If available, books focusing on the particular event can be extremely useful, because they often provide more insight into the activities behinds the scenes. Often gathering the technical details about a case is not difficult, but gathering information on the motivations of the people involved is difficult. If such a book is well written, the author will have done a lot of the background research needed for your case study. The book will usually attempt to address more than one point of view.

Government reports can sometimes be the most useful source of information for a case study. Several agencies in the Federal government, such as NTSB, FAA, GAO, OSHA, and OMB, investigate problems and accidents and then prepare written reports. These reports can usually be obtained by the general public. A Federal Depository Library, such as the Public Affairs Library at the University of Texas at Austin, or the Texas State Library in Austin have some government publications on file which may be checked out or copied. Copies of additional government reports can usually be obtained on microfiche for a minimal cost from the appropriate government agency. While some of the government reports are superficial, some are very detailed and provide much more than just technical information.

Writing the Case Study:

There are many possible ways to organize the presentation of a case history. One possible method is that used by the authors. The information of the case history is presented in text form; this portion usually consists of between four and six single spaced pages. The text is followed by a variety of questions and possible assignments for the students. The key point in organizing the case is to provide the students with sufficient understanding of the event and the circumstances involved so that they can begin to understand the dilemmas face by the people involved in the event. When writing a case study, the author take care so that no single viewpoint is projected and should attempt to show the viewpoints of all principal parties involved in the case.

One of the best methods of organizing the text is to break it into four sections. The first section or introduction provides the students with a broad overview of the event. The second section provides background information leading up to the event. This portion should explain the various conflicting constraints (all of which probably could never be satisfied simultaneously) which form the basis for the ethics, safety, or liability question(s). This section should also discuss the motivations of the various individuals involved in the event. The third section should present the key components of the event in chronological order. This section also details the decisions made by the people involved. The final section contains the results of the decisions and any actions taken after the event occurred. Typical information in this section would be changes in safety procedures, court decisions, etc.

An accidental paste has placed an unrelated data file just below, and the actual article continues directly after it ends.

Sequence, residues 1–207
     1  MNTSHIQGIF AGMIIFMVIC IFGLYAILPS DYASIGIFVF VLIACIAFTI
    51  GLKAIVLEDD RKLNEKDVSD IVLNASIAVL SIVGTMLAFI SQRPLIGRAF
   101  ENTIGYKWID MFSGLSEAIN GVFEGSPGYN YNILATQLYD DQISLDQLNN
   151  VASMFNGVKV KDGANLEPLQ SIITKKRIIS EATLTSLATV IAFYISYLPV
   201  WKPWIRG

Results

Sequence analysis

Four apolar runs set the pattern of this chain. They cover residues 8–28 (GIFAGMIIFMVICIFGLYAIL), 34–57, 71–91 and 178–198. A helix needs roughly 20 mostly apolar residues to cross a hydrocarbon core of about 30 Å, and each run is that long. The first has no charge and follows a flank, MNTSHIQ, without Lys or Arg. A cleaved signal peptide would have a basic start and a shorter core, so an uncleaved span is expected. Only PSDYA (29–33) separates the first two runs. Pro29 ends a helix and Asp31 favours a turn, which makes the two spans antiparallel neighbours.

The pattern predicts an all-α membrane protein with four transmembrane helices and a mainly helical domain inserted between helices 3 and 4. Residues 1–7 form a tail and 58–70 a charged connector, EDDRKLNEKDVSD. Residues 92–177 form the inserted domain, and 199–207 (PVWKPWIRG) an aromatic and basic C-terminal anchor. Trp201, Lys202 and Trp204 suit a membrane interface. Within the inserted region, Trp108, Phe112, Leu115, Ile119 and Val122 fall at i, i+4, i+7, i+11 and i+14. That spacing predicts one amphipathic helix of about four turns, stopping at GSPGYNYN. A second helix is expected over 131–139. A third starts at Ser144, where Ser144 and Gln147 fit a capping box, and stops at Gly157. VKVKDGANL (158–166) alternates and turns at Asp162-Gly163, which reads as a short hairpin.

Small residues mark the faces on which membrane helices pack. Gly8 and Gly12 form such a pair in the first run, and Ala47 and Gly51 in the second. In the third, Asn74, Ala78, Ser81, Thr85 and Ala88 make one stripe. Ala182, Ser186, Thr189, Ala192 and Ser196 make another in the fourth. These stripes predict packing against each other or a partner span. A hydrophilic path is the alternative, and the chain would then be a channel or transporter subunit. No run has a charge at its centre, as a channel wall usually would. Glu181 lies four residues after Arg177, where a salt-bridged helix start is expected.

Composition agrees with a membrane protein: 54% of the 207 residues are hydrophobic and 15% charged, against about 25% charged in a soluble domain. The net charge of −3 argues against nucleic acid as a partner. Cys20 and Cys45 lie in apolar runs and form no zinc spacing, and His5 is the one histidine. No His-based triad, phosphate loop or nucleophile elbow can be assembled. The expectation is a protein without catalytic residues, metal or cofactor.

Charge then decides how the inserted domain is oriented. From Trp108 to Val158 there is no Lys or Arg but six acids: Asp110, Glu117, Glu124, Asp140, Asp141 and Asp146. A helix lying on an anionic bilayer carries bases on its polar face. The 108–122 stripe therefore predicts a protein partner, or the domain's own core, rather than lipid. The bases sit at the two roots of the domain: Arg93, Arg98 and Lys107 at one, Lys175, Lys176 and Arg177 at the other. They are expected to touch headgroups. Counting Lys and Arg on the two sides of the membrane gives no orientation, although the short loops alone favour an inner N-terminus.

A good case study should not be overly technical. Although technical questions are involved, the key emphasis should be placed ethics, safety, and liability. At the same time, the technical issues must be integrated into the information in proportion to their importance to the case. After reading a case study, the student may not understand all the rationale for the decisions made, but should have a feeling for some of the reasoning involved. Most importantly, the student should be able to recognize some of the dilemmas presented and should begin to consider possible alternate courses of action. The case history should present sufficient information for the students to be able to see themselves as one of the characters involved in the case.

The case study should provide assignments designed to make the students think about ethics, safety, and liability. The purpose of the case study itself is to stimulate thinking, and thus provide the students with some level of experience in these important areas. Some questions may require the students to do addition research; all should require additional thought. One of the most beneficial assignments is role playing. Students can act out the roles of the various individuals involved in the case and wrestle with the same dilemmas face by the actual people involved in the event. Such assignments can be very useful in bringing issues to a personnel level.

In preparing the case study, provide references to your source documents as appropriate. In particular, provide references for controversial statements and/or conclusions. Your goal is to present the facts concerning the situation and to suggest possible interpretations. It is NOT your goal to suggest which party might or might not be responsible. You want to leave this to the students. LET THE STUDENTS DRAW THE CONCLUSIONS!

Reviewing the Case Study:

Review of case study by several faculty is a good idea. Often faculty asked to review a case will want to try it out in the classroom. This is a good idea and should be encouraged. Feedback from the classroom is very valuable in refining a case study.

A second review is also recommended. If the potential case study author can find an engineering faculty member who is also a lawyer, ask this colleague to review the materials for both engineering and legal issues. Such a review could preclude later problems with YOUR liability.

Testing the Case Study:

Student reaction is the ultimate test of a case study. If it stimulates thought and discussion about the issues, it is doing the job for which it was designed. Otherwise, it needs revision. Also, student reaction can be used to define unclear issues, event sequences, etc. Never be shy about revising a case study. Either revise it yourself by appending material to it or get the information to the original authors.